“If you pray for rain, you gotta deal with the muck too.”

“Cinema is the means through which a nation can forge a common identity, a common purpose, and a common resolve.”
“Unless you stake all you have for what you believe in you can't possibly win!”

“As long as you want something from someone, there will always be someone out there to control you.”

“To survive in the show business you need guts and the ability to constantly resurrect and reinvent yourself.”

“Art, religion & the zeal to improve the lives of the human lot, spring from the frustration and impossibility of making any sense out of life.”

Tuesday, February 9, 2010

Psychopathic Qualities You Need to be Corporate Leader

I have an interest in psychology. I read up anything on the subject I can lay my hands on. Recently the Hindu published an article that dealt with a psychic disorder which has spawned both novels and movies – the psychopathic syndrome.

The article approaches the problem taking Vito Corleaone, the famous Godfather character crafted by Mario Puzo, as an example to explain a special branch of psychic disorder: socially-enabled psychopath(y).

The article says a socially-enabled psychopath is very different from a conventional psychopath. A socially-enabled psychopath possesses many traits that make the person desirable.

An ordinary psychopath, the articles observes, suffers from social and emotional deficiencies. He fails to understand others’ mood and social cues in their correct context and acts in an inappropriate way. The psychopath also shows poor understanding of others’ emotions, and although he doesn’t lack emotions himself, he feels emotions so fleetingly that they fail to have any impact on how he perceives others.

The inability to gauge others’ emotions leads to the failure to understand how much aggression is required to coerce a subject into submission to achieve the desired goal; which results in display of excessive aggression by the psychopath.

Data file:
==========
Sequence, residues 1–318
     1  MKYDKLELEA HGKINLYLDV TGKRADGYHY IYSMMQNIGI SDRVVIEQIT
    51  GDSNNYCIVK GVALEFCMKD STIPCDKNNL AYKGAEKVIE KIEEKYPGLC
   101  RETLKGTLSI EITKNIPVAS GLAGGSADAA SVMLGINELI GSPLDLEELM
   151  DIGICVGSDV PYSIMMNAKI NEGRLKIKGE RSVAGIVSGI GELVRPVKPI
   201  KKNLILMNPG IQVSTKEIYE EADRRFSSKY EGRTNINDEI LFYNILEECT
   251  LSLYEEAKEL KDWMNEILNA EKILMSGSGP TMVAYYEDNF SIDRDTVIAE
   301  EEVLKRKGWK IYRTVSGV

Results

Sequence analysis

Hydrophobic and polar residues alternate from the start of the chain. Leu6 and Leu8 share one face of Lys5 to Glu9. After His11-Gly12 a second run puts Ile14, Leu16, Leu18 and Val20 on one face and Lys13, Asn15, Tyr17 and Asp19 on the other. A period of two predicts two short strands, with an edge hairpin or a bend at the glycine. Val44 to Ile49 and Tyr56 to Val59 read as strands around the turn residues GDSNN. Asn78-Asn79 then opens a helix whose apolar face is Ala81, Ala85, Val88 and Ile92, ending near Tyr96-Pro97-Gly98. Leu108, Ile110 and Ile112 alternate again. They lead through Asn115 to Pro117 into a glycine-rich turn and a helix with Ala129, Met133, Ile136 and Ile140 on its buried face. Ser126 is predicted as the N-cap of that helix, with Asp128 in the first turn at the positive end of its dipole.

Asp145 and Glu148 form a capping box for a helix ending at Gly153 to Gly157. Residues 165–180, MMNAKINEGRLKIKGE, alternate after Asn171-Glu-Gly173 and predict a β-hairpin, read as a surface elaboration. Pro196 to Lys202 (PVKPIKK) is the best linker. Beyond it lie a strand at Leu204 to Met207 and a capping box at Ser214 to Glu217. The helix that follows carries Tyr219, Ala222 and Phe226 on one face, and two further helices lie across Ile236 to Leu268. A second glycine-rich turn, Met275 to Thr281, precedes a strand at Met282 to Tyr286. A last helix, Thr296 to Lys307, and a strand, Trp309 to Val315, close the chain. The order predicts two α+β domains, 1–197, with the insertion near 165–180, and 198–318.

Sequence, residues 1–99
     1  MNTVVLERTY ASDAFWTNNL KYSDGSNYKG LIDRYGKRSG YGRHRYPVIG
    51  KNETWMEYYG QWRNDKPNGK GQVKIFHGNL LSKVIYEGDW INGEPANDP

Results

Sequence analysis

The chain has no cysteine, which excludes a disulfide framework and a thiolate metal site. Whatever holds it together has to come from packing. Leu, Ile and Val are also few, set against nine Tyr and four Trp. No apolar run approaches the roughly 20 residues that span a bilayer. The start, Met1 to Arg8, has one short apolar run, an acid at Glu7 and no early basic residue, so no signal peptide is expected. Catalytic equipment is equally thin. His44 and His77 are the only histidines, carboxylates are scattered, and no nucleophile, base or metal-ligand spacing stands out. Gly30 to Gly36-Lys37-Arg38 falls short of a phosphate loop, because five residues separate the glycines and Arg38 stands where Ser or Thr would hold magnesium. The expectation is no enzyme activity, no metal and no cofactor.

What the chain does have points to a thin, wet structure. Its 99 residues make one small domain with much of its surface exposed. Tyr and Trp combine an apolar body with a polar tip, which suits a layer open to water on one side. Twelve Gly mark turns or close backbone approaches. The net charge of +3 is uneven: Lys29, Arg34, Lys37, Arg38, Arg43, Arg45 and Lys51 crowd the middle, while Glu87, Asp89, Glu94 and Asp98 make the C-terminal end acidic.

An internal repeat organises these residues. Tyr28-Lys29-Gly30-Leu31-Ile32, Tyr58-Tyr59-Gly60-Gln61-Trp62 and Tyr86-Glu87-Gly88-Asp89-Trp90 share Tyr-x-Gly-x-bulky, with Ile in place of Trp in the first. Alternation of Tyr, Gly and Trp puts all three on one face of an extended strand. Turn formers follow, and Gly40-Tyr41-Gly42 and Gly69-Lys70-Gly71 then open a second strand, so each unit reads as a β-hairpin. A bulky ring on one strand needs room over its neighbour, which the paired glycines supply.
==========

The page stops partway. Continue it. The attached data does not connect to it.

A psychopath also has other personality traits like lack of sense of responsibility, a tendency to unnecessarily lie and propensity to attribute wrongs committed by him to a goal without any feeling of remorse, and judge right and wrong from an unconventional standpoint. (Honestly, I have some of these characteristics – expect I don’t lie unnecessarily.)

But how the socially-enabled psychopath is different from a prototype psychopath?

The article says both are same – they are psychopaths (to be a socially-enabled psychopath, you have to be a psychopath first) - and then talks about the differences.

First, citing Godfather Vito Corleaone as a case in point, the author looks at the Don’s actions in the book to deduce common psychopathic signs (not the socially-enabled ones).

The author says, “The primary (psychopathic) quality the Godfather possesses is the ability to be ruthless in achieving his own ends. The second psychopathic quality the Godfather exudes is a distorted reality of the impact of his actions; not in line with traditional views and beliefs, nor particularly empathetic. The third and the most striking trait the Godfather possesses is his ability to manipulate people and situations.”

But it’s not the similarities but the differences that make the Godfather, or the socially enabled psychopath, a successful leader in the world of corporations.

The Godfather seldom looses control over his emotions (not for him the psychotic hysteria so commonly seen in Hindi movies). He is a sensitive person who takes offence very easily and is perceptive of others’ mood. His ability to sense social and environmental cues is very advanced, unlike the usual psychopath.

A cool head, the ability to understand people (which helps manipulate them if necessary) and the intensity to chase a goal with psychopathic zeal make a socially-enabled psychopath a perfect leader, the article argues.

After all, isn’t effective leadership in a corporation about helping people and organizations achieve goals they set for themselves – placing the goals above concerns of ethics and morals?

I only have one question to ask the author – Dr Ennapadam S. Krisnamoorthy. Isn’t the socially-enabled psychopath too good to be true? Or did Mario Puzo know a thing or two about psychiatry?